THE SECRET LIVES OF COLOUR
The Secret Lives of Colour is both potted history and deep dive into the rainbow, a mind-expanding romp through the 75 shades that intrigue author Kassia St Clair the most. Chapters about how we see, the properties of light, artists and their pigments, language, and the politics of colour give a brief, overarching understanding before settling down into the main thrust of the book: intriguingly lit windows onto individual hues.
Anecdote and fact swirl together, aided by St Clair's velvety prose. The whimsical, such as a reference to Joan Miró's forget-me-not daub of paint and the words 'this is the colour of my dreams', or Édouard Manet's 1881 declaration that he had finally discovered the true colour of the atmosphere, 'It is violet,' he said. 'Fresh air is violet', cross paths with the more quotidian: explorations into Baker-Miller pink and its use in prison cells and rival team's locker rooms for its apparent aggression-diminishing properties, or the statement that waitresses should wear red, enticing male customers to increase their tips by up to 26%.
St Clair calls them character sketches and this truly speaks to what they are. You feel you get to know colour that bit better, alongside a growing flip-side sense of its inherent ambiguity.
Colours in film
With every viewing Paris, Texas embeds deeper into the soul.
It's not just the compelling juxtaposition of director Wim Wenders' introspection and writer Sam Shepard's dialogue-driven naturalism but also the strange paradox that a film so highly stylized can be the vehicle for such genuine, hit-you-in-the-gut feeling. It's the vastness of the American West and the gloss (tack) of 1980s LA as backdrop and counterpoint for human frailty, family, and the freedom-slash-suffocation of love. It's the tenderness innate. It glows.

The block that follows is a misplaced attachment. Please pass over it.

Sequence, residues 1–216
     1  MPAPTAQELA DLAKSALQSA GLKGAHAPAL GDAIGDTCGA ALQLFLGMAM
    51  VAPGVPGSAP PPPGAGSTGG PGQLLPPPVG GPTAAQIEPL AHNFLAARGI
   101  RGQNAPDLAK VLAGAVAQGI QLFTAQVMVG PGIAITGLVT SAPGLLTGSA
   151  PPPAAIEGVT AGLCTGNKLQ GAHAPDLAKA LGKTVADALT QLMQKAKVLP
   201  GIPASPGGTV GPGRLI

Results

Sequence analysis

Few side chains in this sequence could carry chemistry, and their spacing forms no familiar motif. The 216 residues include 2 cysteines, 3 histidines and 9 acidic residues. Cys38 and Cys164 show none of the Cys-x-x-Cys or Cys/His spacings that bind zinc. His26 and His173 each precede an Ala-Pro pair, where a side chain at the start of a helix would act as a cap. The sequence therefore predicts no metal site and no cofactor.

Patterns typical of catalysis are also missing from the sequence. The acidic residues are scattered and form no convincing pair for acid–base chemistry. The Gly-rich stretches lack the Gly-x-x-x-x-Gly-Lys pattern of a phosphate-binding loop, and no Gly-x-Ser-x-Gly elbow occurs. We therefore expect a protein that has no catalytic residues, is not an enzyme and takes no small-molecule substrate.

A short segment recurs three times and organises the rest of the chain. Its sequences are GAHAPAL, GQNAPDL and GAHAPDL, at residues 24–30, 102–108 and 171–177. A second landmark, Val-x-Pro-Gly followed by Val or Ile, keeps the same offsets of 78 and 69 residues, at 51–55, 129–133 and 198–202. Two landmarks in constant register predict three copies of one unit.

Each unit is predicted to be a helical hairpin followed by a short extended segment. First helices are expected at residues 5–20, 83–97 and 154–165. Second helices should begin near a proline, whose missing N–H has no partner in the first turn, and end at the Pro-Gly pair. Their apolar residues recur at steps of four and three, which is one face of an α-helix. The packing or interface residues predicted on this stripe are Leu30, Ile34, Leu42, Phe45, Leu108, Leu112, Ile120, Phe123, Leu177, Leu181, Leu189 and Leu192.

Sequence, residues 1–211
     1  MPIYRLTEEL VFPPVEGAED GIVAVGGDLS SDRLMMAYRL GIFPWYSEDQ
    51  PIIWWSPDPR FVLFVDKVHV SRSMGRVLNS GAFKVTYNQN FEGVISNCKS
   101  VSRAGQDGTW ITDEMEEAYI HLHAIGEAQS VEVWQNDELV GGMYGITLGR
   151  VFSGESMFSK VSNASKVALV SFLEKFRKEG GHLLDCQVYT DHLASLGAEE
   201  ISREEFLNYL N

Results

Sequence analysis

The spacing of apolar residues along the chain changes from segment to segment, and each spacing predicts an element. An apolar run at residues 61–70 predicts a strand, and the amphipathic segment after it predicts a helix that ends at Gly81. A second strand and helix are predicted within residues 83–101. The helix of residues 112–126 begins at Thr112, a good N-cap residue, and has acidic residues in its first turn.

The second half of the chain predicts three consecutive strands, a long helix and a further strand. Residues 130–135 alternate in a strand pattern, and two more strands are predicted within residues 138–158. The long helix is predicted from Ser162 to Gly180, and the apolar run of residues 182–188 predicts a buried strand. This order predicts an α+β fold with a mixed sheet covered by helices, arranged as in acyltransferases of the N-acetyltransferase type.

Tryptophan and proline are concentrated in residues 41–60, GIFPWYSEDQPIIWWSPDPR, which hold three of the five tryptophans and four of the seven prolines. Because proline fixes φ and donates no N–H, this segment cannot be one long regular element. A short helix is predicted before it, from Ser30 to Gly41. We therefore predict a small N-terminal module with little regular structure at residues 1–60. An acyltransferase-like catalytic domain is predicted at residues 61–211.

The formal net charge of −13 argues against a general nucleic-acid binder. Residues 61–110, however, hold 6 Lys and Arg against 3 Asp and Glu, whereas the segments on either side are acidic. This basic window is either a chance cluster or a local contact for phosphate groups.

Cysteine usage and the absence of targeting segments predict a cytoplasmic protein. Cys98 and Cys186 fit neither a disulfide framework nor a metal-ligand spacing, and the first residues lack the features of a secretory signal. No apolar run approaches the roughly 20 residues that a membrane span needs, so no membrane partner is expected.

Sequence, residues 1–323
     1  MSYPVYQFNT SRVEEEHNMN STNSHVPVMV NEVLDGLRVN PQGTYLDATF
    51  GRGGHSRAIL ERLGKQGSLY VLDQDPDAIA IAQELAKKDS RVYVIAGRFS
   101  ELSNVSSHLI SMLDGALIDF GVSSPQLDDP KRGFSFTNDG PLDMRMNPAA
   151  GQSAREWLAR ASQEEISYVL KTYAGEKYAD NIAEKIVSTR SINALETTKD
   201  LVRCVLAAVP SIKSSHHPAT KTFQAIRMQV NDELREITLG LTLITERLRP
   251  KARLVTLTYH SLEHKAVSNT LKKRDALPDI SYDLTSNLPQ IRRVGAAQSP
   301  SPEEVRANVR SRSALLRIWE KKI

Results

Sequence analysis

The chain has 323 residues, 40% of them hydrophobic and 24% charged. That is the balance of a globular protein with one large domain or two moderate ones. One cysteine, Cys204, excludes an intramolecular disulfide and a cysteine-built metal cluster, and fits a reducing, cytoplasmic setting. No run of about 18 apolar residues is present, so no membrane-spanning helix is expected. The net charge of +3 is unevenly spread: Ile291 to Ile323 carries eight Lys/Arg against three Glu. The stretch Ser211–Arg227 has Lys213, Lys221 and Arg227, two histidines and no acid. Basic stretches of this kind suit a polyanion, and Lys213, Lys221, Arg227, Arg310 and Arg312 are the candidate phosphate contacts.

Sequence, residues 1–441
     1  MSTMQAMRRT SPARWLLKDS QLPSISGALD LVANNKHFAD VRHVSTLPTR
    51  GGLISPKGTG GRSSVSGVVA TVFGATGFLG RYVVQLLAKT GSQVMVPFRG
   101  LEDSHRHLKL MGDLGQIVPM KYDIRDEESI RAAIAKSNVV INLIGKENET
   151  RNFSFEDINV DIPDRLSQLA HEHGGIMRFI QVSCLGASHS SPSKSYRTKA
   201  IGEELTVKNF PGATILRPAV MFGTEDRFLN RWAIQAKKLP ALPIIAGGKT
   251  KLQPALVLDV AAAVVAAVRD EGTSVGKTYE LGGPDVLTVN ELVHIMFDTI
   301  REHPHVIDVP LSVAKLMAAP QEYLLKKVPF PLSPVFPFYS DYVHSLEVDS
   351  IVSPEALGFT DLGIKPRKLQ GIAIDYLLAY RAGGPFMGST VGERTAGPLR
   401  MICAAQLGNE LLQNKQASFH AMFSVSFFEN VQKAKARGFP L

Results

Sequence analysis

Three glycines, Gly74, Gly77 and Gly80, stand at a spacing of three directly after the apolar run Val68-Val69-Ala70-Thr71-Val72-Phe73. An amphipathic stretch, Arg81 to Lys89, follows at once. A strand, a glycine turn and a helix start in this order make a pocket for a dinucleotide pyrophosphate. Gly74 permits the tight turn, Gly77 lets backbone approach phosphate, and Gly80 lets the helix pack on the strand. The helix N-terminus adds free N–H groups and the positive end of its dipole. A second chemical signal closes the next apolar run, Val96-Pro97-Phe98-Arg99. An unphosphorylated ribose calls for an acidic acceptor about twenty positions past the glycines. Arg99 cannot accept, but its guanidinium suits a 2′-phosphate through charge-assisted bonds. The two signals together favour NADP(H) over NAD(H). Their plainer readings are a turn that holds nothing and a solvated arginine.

In fact, the whole film glows. Vivid sky against arid Mojave Desert; luminous green of gas station, diner, motel; coral sunsets; eerie shimmer of super 8 film; Jane's fuchsia sweater dress, floodlit dinosaurs, pops of red. What should be seedy shifts closer to the sublime. Neon poetry like a Tracey Emin scrawl.
CHILA KUMARI SINGH BURMAN
For those lucky enough to see Tate Britain's Winter Commission last year, the announcement that Dr Chila Kumari Singh Burman will be creating a new work for Covent Garden's West Piazza this August will spark more than a little electrical buzz. Her Winter Commission shone like a neon beacon – a celebration of Diwali, the festival of new beginnings, triumph of good over evil, and light over darkness. The large-scale piece, which covered the entire facade of the Tate Britain's Pimlico home, featured Hindu deities, fireworks, peacocks, a fluorescent ice-cream van and the words 'Love Shine Light Aim Dream TRUTH, remembering a brave new world'. It was just what we needed as the UK entered its second and then third lockdown.
Burman's upcoming piece asks 'do you see words in rainbows?' and she promises 'Punjabi hits meets Bollywood meets a Hindu temple'. Not much more has been revealed – we expect magic and Burman's irrepressible, important, illuminating activism.